Few music artists have as much tech cred as Nine Inch Nails frontman Trent Reznor. When he offers his opinions on topics like streaming music, the impacts of social networks on the music biz and whether music labels have a place in the digital era, it's worth a listen. A wide-ranging interview with Reznor appears in this month's Spin magazine. About Twitter, Reznor says he enjoyed it at first, but now calls his Twitter interactions a mistake. "Oversharing feels vulgar to me now," Reznor told the magazine. "We've been fooled into thinking it's okay to show dick pics and that the Kardashians' behavior is normal, but it's not. I've tuned out in the last couple years."
"Oversharing feels vulgar to me now."
Reznor was one of the first top artists to test the internet as a marketing and distribution tool. In 2007, Reznor left his record label at about the same time do-it-yourself music was catching on. Reznor rolled up his sleeves and began experimenting with different business models, including a pay-what-you-want offer that was similar to Radiohead's famous In Rainbows campaign. This year, much was made about Reznor's decision to partner again with a major label. Columbia Records, which helped Nine Inch Nails' release the album Hesitation Marks. The singer-songwriter suggested that musicians are better served thinking more about music than the business of music. "Market research is not a sexy thing to think about," Reznor said. "More than that, when you're self-releasing, you have this walled garden of people that are interested in what you do, and to everyone else you're invisible." He also noted his deal with Columbia is not long term.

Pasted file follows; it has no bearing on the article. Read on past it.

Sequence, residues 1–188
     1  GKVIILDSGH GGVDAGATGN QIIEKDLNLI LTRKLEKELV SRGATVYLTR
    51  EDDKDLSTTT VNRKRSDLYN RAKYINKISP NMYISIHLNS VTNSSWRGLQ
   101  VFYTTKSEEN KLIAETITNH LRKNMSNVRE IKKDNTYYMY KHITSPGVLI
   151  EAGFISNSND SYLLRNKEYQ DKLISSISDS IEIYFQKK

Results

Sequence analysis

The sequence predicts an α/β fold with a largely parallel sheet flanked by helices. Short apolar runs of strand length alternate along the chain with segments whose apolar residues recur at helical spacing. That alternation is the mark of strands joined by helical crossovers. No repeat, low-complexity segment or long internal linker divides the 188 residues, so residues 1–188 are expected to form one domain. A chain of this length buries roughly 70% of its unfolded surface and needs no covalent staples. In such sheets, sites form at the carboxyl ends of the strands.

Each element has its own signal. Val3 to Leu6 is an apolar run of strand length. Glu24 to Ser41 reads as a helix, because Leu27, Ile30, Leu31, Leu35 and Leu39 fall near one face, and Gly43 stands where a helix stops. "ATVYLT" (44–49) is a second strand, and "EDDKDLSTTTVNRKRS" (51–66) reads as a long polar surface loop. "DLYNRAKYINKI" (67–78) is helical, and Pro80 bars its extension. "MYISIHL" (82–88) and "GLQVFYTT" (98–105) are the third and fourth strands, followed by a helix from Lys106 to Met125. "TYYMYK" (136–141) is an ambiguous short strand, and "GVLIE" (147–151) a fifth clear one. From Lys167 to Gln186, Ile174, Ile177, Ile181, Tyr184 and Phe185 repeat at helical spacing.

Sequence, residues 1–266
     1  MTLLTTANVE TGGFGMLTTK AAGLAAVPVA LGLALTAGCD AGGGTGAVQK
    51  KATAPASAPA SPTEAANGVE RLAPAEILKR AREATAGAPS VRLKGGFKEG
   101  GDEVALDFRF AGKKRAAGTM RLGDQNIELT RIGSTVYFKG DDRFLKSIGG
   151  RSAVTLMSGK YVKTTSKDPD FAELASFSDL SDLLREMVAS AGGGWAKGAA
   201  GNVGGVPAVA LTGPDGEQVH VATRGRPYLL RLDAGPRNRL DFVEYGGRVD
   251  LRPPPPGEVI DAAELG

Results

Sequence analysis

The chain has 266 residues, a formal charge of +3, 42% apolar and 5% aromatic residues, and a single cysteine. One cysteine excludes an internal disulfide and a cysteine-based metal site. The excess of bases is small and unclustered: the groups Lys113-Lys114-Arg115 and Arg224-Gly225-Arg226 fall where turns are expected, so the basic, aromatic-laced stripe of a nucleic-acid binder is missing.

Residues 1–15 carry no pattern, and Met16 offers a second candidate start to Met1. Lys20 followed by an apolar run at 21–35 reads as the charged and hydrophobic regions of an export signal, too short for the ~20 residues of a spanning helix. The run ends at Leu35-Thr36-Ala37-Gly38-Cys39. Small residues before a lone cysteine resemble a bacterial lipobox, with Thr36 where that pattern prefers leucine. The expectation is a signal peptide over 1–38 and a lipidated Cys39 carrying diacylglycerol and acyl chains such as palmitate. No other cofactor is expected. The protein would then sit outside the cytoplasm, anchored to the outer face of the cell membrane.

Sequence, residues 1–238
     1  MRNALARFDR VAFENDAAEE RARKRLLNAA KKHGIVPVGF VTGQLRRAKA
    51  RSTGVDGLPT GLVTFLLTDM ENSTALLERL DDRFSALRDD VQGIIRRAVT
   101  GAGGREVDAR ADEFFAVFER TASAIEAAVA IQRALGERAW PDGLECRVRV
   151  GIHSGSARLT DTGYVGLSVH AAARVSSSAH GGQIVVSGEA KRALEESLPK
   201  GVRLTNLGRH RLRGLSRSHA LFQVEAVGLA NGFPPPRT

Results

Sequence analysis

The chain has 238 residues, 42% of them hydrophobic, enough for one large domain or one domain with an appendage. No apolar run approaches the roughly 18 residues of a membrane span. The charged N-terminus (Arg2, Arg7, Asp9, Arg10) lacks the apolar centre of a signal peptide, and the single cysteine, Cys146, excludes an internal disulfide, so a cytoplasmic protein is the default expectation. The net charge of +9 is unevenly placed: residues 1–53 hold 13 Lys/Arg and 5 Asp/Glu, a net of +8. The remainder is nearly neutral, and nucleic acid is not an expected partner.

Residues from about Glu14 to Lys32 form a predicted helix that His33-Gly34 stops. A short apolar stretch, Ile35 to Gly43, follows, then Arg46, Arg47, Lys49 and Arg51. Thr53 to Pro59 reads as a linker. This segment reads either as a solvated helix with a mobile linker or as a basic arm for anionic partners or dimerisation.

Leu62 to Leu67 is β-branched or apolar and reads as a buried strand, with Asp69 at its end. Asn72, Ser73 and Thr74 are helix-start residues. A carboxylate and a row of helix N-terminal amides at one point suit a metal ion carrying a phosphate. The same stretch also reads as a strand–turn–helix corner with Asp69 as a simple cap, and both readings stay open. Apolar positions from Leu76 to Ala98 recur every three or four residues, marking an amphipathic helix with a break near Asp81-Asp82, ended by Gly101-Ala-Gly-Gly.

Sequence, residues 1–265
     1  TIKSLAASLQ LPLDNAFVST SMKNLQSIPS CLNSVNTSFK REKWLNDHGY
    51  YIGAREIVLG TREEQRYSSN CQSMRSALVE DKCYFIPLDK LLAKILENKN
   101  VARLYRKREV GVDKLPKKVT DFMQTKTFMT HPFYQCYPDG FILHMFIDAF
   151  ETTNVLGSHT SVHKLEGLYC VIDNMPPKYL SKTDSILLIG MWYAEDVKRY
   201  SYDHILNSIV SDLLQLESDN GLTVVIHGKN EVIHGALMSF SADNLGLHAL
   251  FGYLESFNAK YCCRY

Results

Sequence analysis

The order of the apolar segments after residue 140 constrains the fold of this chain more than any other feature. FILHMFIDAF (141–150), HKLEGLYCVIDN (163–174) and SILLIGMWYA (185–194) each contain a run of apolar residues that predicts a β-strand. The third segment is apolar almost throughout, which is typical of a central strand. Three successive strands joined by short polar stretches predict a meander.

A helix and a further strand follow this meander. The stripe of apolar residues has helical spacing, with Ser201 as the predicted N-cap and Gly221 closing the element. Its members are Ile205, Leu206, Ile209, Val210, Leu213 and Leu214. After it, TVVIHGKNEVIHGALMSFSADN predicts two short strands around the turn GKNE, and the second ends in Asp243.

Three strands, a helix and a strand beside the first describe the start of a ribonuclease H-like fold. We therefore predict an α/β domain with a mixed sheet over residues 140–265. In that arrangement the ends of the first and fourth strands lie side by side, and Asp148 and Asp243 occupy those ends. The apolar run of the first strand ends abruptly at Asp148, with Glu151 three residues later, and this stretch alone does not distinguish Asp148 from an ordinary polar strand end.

"You have this walled garden of people that are interested in what you do, and to everyone else you're invisible." Because of that hands-on experience, it was no surprise that Beats by Dre, the headphone maker, teamed with Reznor on its upcoming subscription music service. Reznor said this about Beats' competitor to Spotify: "The fact that our music may or may not be in the air now and people seem eager for it, and that I'm working on something with Beats that's a marriage of humanity and technology, which is sort of what my music has always been about, and I'm doing this after years of working on my own trying to figure out how best to get music to the people who want to hear it — you can't plan for those things. It's just the way the world works."